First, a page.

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D&D 6E bring back the pig faced orcs for 6th edition, change up hobgoblins & is there a history of the design change

Charlaquin

Goblin Queen
He's technically, maybe correct here... hobgoblin is mentioned only once in the Hobbit, as a larger form of orc, and there is some assumption they are similar to Uruk-Hai. It is a throw-away line though, and nothing is actually confirmed one way or another.

Yeah, I realized I was oversimplifying and edited my post. Canonically, the use of Hobgoblin probably refers to Uruk-Hai. But it’s hard to say for sure.
 

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I think the issue with any generically evil creature (let's call them Blargs) is that at some point someone is going to start identifying with them because Blargs are outcasts from normal society that are feared and some people feel like they don't fit in. Then they want to play a Blarg so we come up with stats. The next thing you know, it's a bad thing that Blargs are a representation of people that are prejudiced against. Since we can no longer have generically evil Blargs we come up with something completely different called Blurgs. The cycle continues.

So I don't think we can change this. For some people having a generic bad guy monster that someone can identify with will be considered wrong. Other people just want something for generic bad guys.

For me? It's just a game and I think people read too much into this. I just finished playing Half-Life Alyx after getting a new VR headset (awesome game by the way) and I have no qualms about mowing down the enemy in this or any other video game I've ever played. Is that over-simplified, not realistic? Absolutely. It's a game.

In any case, I'm assuming this thread will be shut down soon, but I don't think changing the imagery of orcs or introducing Blargs (humanoid or not) will change anything. I'll just continue using orcs in the role that makes sense for my world.
Hence the popularity of zombies and nazis as video game bad guys.
 

S'mon

Legend
I have traditional 1e style pig-faced orcs in my 5e FR campaign as a weaker but better organised breed alongside the stronger, more barbaric 3e-5e 'mountain orcs'.

Pig Orc Guard
CR 1/4 (50 XP) PB +2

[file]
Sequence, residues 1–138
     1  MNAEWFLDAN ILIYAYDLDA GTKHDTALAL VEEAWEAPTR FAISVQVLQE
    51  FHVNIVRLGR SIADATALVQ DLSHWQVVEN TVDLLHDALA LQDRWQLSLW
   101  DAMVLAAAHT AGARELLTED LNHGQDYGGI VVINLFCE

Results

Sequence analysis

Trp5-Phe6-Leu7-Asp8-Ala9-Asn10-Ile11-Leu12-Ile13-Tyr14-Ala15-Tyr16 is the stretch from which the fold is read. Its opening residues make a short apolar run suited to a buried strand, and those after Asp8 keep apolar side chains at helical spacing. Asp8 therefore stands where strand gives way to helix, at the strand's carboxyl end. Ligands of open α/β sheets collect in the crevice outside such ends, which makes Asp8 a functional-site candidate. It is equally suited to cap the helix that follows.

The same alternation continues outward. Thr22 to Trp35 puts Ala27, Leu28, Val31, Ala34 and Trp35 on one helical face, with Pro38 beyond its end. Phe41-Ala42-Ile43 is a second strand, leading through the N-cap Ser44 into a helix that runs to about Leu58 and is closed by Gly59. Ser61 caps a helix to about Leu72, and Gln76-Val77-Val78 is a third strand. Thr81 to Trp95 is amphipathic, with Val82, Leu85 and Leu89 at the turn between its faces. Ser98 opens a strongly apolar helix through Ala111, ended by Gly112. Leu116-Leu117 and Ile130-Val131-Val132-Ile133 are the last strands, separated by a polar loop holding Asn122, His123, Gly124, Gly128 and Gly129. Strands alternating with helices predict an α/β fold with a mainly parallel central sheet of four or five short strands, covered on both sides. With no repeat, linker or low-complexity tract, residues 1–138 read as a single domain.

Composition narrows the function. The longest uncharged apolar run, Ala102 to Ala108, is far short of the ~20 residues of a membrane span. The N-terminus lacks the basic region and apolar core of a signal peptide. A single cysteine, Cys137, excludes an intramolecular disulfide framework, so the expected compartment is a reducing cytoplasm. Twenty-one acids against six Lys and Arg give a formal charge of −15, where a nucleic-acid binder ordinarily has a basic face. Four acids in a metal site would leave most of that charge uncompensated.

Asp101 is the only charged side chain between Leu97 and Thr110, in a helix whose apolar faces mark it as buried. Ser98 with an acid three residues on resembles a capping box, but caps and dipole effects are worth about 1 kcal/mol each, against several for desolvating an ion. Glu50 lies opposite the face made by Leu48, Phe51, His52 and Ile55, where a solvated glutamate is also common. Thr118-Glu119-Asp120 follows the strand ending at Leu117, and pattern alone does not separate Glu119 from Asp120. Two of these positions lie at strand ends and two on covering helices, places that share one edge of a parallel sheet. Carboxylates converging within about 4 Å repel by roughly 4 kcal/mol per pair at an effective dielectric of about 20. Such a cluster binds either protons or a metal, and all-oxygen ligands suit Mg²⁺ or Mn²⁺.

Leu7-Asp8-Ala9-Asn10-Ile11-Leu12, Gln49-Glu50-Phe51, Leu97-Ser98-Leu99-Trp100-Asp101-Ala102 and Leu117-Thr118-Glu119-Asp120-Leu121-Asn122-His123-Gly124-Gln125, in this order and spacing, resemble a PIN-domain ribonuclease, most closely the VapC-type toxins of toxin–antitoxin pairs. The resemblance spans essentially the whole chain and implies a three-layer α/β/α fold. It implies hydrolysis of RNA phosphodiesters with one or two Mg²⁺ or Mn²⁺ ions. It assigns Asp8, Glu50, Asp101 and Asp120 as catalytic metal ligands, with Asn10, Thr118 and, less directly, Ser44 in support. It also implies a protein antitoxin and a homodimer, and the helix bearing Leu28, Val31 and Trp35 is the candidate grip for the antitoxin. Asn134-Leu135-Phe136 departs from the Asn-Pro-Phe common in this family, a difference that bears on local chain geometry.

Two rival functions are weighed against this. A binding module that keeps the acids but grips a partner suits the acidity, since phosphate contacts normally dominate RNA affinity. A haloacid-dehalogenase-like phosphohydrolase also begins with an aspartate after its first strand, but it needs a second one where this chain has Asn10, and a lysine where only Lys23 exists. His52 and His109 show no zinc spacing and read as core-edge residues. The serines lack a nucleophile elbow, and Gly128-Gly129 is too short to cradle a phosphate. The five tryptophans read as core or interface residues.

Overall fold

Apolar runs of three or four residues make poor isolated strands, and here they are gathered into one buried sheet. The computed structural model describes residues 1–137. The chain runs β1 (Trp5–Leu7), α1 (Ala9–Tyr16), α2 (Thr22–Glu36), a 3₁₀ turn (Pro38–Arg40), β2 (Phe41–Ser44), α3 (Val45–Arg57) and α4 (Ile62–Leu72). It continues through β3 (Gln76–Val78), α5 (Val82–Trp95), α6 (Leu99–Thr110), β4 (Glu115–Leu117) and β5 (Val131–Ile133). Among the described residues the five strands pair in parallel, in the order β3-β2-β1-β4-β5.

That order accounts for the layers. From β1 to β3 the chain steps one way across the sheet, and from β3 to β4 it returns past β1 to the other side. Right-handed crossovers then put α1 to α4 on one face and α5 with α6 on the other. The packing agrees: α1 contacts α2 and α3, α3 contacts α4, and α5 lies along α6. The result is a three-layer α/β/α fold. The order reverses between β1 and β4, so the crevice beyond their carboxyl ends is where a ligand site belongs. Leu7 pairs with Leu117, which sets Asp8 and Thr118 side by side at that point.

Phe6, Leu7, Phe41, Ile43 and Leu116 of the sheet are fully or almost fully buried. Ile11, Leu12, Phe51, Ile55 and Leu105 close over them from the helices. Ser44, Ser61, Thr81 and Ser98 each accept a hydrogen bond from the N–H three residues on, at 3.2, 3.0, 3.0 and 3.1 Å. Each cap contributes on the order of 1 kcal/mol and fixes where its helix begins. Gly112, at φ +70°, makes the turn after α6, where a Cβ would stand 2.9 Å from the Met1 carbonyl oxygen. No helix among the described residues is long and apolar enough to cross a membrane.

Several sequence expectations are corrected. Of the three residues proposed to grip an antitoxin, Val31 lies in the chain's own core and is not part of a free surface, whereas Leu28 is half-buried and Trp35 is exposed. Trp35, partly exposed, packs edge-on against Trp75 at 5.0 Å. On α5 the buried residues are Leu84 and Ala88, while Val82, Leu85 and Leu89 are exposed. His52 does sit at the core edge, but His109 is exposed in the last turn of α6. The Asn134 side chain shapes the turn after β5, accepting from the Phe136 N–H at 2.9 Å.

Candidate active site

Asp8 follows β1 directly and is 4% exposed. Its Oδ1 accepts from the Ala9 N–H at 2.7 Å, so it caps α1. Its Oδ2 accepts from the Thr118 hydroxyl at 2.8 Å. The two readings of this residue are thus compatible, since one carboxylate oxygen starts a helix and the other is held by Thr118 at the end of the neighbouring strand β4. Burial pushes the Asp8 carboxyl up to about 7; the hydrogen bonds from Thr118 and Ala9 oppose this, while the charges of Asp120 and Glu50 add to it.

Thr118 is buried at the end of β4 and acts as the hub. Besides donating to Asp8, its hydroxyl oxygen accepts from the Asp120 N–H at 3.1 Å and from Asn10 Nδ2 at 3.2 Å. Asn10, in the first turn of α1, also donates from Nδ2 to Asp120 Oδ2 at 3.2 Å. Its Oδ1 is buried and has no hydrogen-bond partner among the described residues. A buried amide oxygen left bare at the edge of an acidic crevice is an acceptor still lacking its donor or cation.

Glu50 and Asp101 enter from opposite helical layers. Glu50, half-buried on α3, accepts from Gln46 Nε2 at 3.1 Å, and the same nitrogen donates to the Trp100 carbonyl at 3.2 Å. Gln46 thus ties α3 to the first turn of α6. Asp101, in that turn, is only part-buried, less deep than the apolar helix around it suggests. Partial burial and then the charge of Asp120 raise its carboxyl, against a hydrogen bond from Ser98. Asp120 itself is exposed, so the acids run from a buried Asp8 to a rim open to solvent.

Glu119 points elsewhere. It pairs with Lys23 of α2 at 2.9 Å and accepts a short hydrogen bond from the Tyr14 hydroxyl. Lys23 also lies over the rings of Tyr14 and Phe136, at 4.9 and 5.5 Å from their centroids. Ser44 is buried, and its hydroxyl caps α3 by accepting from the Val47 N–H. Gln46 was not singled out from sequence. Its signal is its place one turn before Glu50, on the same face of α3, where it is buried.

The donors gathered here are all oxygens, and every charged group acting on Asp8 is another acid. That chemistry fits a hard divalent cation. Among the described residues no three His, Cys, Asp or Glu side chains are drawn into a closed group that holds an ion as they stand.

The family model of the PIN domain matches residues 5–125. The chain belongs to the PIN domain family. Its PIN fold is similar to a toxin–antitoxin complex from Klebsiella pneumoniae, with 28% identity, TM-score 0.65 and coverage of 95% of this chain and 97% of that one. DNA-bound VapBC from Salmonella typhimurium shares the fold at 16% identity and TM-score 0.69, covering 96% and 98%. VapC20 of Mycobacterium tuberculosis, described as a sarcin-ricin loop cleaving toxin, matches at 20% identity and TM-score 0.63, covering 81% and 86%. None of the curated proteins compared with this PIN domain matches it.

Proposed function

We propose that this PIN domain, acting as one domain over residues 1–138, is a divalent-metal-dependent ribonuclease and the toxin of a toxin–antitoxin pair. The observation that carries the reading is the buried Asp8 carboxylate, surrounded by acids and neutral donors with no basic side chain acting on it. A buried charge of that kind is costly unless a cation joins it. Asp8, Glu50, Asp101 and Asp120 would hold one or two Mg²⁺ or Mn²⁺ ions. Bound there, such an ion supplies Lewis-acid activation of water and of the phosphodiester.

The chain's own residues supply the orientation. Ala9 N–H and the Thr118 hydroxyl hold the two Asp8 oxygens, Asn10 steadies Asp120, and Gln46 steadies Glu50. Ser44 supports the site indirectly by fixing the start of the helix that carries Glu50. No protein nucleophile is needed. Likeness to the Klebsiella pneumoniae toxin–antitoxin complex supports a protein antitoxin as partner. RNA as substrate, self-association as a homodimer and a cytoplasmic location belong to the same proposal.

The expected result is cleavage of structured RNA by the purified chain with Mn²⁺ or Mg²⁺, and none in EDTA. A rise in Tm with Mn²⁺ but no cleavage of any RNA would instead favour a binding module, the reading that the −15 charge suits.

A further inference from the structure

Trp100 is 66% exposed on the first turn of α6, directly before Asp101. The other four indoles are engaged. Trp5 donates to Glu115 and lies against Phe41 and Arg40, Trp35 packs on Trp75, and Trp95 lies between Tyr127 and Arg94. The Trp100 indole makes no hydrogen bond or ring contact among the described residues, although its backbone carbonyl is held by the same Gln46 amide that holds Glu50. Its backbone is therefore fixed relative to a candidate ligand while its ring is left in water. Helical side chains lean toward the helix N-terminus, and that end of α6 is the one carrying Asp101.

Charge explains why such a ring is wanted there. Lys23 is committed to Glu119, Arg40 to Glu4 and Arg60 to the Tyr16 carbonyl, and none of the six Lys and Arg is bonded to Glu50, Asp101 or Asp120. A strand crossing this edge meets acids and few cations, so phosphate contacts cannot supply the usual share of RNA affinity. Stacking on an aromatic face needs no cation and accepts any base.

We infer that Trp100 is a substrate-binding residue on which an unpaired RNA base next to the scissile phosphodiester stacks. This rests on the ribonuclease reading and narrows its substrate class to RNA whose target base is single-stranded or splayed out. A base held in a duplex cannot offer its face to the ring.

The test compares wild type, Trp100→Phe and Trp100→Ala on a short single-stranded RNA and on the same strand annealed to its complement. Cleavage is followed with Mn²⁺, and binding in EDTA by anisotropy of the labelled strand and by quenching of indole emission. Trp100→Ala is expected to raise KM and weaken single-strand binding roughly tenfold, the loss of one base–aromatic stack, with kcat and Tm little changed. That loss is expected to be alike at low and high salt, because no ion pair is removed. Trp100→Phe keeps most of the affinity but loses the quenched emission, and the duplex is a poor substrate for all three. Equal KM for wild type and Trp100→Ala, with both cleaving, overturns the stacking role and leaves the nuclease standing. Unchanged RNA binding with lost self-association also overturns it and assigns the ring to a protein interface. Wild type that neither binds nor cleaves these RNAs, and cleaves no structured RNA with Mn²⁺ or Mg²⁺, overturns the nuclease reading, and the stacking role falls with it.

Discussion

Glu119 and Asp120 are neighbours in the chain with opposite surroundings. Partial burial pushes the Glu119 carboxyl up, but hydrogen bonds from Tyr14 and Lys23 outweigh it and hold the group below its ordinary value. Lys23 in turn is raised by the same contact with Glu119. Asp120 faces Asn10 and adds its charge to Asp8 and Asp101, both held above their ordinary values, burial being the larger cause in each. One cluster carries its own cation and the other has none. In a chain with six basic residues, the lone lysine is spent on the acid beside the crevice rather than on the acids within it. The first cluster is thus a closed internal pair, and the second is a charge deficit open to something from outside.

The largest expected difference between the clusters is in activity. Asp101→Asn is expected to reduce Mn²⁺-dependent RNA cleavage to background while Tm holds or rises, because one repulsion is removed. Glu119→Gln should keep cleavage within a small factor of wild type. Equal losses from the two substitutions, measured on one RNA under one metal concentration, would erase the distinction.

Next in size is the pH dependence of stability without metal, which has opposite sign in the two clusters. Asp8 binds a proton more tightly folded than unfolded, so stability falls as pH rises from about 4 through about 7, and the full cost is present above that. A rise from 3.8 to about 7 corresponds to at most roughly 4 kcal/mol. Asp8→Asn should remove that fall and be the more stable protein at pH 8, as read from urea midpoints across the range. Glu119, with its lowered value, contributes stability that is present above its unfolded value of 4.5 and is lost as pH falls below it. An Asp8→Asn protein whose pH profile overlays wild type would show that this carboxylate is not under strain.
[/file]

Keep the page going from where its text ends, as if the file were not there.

AC 14/16 (ringmail or scale, shield) HP 13 (2d8+4)
ST +2 DE +0 CO +2 IN -1 WI +0 CH -1
Battle Axe or Longsword ATT: +4 Damage: 1d8+2
Lance (long spear) (2h) ATT+4 Damage 1d12+2, reach 10', disadvantage within 5'
Javelin (4) ATT +4 Damage 1d6+2 range 30'/120'
Aggressive: As a Bonus Action, the orc can move up to its speed toward a Hostile creature that it can see.
 

When I worldbuild, I usually make orcs pig-people, for two reasons:

1. There's already too many Blargs, so I want the ones I include to have a distinct hat.
2. I always include a generic "animal-folk" origin, as that covers a lot of bases, and making orcs a common variant of that gives me a good general-use bad guy, a good intro to that concept, and gives orcs a 'hat' in them being pig-like. 1 orc horde = 30-50 feral hogs, arriving in about five minutes.
3. IMO: Planet of the Hats isn't a bad trope unless you stop at the hat and don't think about what's underneath. But a clear hat makes the new cultures easy to name and identify, which makes the world less confusing.

But that's just me, and I never get annoyed by other interpretations.
 

I like pig faced orcs just because of my nostalgia for DiTerlizzi's AD&D monster manual. I used to study that thing endlessly as a kid!

I don't currently use orcs or hobgoblins in my game because I filled in the peoples of the world based on the player races my players picked. So almost all the bad guys have been humans, tieflings, tortles, and gnomes. Particularly gnomes, those little guys are nasty enemies.
 

I've never really thought about it but now that the question is asked, I've never really used orcs in my home games subconsciously for the same reason given by @ART! -- they seemed like they belong to Tolkien. I used them in my Middle Earth games, and I'd have no trouble using them in a video game-based setting (because of WoW, probably), but in my own games I usually use "Beastmen" or goblins (definitely inspired by fairy tales) or whatever.